Dir: Patrick Kennelly, 2015
A slightly different entry into the ‘body horror’ genre, Excess Flesh is a horror about food and it’s…an acquired taste.
Jill (Bethany Orr) is plain looking with body weight issues and lives with her beautiful and sexually promiscuous flatmate, Jennifer (Mary Loveless).
Personality wise, they are chalk and cheese. Jennifer is rude, ignorant and bitchy, yet confident. Popular with guys, she thinks nothing of bringing random men home for loud sex, much to the dismay of Jill.
Jill is shy, timid and suffers with low self-esteem with an unhealthy obsession towards food.
Insanely jealous of Jennifer, Jill yearns to be just like her but is constantly put down by her slim and pretty roommate.
Slipping slowly deeper into madness, Jill finally snaps and chains Jennifer up, mentally torturing her.
It could be taken as an interpretation of society’s obsession with food and desire to have the perfect body.
But, ultimately, it’s just a new take on torture porn.
The two leads in the film are absolutely superb.
Orr is just spot on as the deranged and disturbed Jill. Beginning as a downtrodden girl with mental health problems and, later, cackling and laughing, maniacally with a sudden twist to anger, Bethany Orr has an impressive range of emotions that she can, ably, convey.
Loveless can emit an aura of selfishness and nastiness, that perfectly contradicts Orr’s introverted, unbalanced character.
In this respect, Mary Loveless hasn’t a great deal of emotion to portray but does fantastic as a spoilt girl, relying on her looks for everything.
Ironically, the characters are oil and water but, together, they’re a perfect elixir.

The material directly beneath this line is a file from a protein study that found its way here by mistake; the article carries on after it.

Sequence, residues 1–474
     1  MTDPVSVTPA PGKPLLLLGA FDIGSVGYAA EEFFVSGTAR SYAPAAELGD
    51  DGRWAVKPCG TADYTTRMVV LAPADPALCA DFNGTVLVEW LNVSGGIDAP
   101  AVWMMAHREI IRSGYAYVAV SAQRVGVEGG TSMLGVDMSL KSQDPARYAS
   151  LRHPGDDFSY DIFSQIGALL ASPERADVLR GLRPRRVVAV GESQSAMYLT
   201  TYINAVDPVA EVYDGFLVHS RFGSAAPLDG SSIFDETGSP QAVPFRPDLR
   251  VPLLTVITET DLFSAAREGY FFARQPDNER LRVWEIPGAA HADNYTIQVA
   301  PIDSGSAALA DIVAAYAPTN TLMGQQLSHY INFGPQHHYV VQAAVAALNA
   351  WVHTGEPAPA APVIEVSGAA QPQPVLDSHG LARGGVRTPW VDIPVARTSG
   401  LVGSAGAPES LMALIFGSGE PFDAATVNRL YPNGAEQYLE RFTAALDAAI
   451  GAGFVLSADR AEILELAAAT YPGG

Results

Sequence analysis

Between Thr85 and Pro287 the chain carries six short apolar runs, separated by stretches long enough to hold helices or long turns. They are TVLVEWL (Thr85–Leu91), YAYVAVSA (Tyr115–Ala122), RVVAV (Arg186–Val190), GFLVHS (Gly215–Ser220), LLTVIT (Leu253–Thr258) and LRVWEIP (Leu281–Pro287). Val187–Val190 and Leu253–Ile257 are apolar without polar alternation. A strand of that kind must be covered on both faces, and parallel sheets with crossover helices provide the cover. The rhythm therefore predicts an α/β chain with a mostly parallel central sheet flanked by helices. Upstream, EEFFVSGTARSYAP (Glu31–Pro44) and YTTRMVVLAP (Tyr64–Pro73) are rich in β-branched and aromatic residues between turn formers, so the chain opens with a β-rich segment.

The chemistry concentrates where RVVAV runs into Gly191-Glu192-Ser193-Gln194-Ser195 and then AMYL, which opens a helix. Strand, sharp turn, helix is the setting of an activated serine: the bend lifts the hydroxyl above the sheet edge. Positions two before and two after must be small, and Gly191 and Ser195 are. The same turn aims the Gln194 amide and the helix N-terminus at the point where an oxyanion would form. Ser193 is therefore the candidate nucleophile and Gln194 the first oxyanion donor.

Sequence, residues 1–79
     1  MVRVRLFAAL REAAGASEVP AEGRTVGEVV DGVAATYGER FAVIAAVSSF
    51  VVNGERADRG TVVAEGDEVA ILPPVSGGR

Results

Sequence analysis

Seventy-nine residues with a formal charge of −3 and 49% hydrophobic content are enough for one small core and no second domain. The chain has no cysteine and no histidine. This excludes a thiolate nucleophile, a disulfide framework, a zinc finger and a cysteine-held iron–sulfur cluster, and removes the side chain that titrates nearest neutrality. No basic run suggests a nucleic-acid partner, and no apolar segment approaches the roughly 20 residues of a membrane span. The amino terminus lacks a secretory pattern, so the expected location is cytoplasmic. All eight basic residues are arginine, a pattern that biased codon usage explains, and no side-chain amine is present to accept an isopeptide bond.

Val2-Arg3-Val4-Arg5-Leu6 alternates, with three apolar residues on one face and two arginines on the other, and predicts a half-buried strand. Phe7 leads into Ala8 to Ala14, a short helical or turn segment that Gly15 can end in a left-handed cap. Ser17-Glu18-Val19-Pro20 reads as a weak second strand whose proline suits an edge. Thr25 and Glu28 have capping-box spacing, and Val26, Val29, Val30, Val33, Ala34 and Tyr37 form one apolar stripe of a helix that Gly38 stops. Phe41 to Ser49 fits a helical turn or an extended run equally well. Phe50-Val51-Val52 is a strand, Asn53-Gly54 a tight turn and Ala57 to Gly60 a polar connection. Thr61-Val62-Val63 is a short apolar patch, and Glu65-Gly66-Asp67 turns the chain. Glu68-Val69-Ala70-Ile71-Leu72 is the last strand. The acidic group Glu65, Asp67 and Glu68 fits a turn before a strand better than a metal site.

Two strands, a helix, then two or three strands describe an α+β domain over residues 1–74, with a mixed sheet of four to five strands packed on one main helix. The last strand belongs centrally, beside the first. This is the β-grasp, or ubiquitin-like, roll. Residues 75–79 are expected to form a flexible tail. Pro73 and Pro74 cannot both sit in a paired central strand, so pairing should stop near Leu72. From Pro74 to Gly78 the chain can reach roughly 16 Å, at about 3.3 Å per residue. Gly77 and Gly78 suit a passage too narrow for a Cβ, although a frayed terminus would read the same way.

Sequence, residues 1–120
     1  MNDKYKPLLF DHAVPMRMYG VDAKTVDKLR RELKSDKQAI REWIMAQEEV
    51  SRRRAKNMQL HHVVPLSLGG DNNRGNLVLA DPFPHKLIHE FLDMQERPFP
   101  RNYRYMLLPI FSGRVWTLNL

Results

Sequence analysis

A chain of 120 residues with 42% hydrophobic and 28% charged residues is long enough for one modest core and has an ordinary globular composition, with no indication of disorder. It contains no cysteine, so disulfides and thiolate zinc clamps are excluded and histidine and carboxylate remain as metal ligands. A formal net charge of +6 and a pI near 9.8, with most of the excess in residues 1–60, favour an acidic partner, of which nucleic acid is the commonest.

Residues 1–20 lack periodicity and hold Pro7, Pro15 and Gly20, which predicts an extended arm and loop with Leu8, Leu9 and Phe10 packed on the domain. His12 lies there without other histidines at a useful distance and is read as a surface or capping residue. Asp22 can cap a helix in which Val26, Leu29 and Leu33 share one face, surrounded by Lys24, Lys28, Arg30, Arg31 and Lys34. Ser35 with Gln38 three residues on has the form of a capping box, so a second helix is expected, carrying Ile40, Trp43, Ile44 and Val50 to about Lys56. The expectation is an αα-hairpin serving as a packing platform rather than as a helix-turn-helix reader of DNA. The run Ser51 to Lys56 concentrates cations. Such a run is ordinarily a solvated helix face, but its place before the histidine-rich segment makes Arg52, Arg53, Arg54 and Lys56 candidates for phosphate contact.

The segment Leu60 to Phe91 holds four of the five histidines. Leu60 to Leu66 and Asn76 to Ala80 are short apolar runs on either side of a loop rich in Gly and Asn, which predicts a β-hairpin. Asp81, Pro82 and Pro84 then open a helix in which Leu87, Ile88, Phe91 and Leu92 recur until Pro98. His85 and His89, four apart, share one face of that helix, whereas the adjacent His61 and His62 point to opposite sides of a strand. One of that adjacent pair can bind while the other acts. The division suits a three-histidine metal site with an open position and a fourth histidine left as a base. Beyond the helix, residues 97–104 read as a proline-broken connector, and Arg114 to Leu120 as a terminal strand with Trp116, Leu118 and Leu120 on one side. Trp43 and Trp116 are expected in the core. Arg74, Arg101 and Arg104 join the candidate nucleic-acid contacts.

Kennelly has chosen not to go overboard with the gross-out factor and decided to use more psychological terror.
It’s a food fetishist’s dream with lingering, slow-motion close-ups of the two girls eating.
There is a major flaw, though. The film is strewn with plot holes and inconsistencies.
Jill doesn’t have a job but is still able to buy an infinite amount of food. She also doesn’t leave the house so where did she get the food from?
Nobody seems to care about her severe lack of personal hygiene or the state of the flat. Despite not washing, she never has greasy hair.
My missus put it very succinctly with, “she’s a scuzzy bitch, anyway!”. Go, girl power!
Kennelly doesn’t quite have the handle of psychological horror. It isn’t fully explained what exactly is going on her head. I got the impression that Jennifer was in her head all along.
Looking at it from this angle, this would explain why nobody seems to hear her screams or the police officers disregard to Jennifer’s dishevelled state.
Why does Jennifer suddenly have the energy to muster a scream for help in the flat but is, practically, catatonic when the police investigate? Something doesn’t quite make sense.
Maybe, Kennelly deliberately left the film ambiguous but he can’t pull it off like Kubrick. What was the ending about? Was Jennifer a model? Nothing is specifically spelt out and had these issues been addressed, a much more coherent and, ultimately, satisfying film could have been had.
It’s definitely worth a watch but just don’t expect too much.